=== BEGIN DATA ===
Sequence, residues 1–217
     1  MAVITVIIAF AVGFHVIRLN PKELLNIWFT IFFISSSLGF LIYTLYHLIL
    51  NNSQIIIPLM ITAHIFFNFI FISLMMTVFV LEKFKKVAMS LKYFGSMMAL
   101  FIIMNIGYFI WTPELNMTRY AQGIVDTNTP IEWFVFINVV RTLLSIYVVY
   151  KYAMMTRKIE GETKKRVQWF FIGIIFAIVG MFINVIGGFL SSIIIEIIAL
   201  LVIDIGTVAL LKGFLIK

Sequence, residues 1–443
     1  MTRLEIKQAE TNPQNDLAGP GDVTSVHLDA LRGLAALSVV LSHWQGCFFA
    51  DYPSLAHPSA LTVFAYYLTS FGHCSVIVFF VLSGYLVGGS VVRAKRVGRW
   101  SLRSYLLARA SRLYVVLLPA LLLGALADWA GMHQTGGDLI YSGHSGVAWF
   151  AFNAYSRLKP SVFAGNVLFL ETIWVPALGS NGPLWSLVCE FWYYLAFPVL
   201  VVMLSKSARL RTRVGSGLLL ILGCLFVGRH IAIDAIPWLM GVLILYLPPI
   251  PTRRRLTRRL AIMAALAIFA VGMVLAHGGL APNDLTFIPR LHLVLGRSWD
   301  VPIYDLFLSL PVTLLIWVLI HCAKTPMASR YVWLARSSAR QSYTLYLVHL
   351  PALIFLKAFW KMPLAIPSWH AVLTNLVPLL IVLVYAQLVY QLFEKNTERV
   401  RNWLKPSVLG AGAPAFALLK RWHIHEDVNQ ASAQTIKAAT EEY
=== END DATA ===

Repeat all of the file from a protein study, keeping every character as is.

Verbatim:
Sequence, residues 1–217
     1  MAVITVIIAF AVGFHVIRLN PKELLNIWFT IFFISSSLGF LIYTLYHLIL
    51  NNSQIIIPLM ITAHIFFNFI FISLMMTVFV LEKFKKVAMS LKYFGSMMAL
   101  FIIMNIGYFI WTPELNMTRY AQGIVDTNTP IEWFVFINVV RTLLSIYVVY
   151  KYAMMTRKIE GETKKRVQWF FIGIIFAIVG MFINVIGGFL SSIIIEIIAL
   201  LVIDIGTVAL LKGFLIK

Sequence, residues 1–443
     1  MTRLEIKQAE TNPQNDLAGP GDVTSVHLDA LRGLAALSVV LSHWQGCFFA
    51  DYPSLAHPSA LTVFAYYLTS FGHCSVIVFF VLSGYLVGGS VVRAKRVGRW
   101  SLRSYLLARA SRLYVVLLPA LLLGALADWA GMHQTGGDLI YSGHSGVAWF
   151  AFNAYSRLKP SVFAGNVLFL ETIWVPALGS NGPLWSLVCE FWYYLAFPVL
   201  VVMLSKSARL RTRVGSGLLL ILGCLFVGRH IAIDAIPWLM GVLILYLPPI
   251  PTRRRLTRRL AIMAALAIFA VGMVLAHGGL APNDLTFIPR LHLVLGRSWD
   301  VPIYDLFLSL PVTLLIWVLI HCAKTPMASR YVWLARSSAR QSYTLYLVHL
   351  PALIFLKAFW KMPLAIPSWH AVLTNLVPLL IVLVYAQLVY QLFEKNTERV
   401  RNWLKPSVLG AGAPAFALLK RWHIHEDVNQ ASAQTIKAAT EEY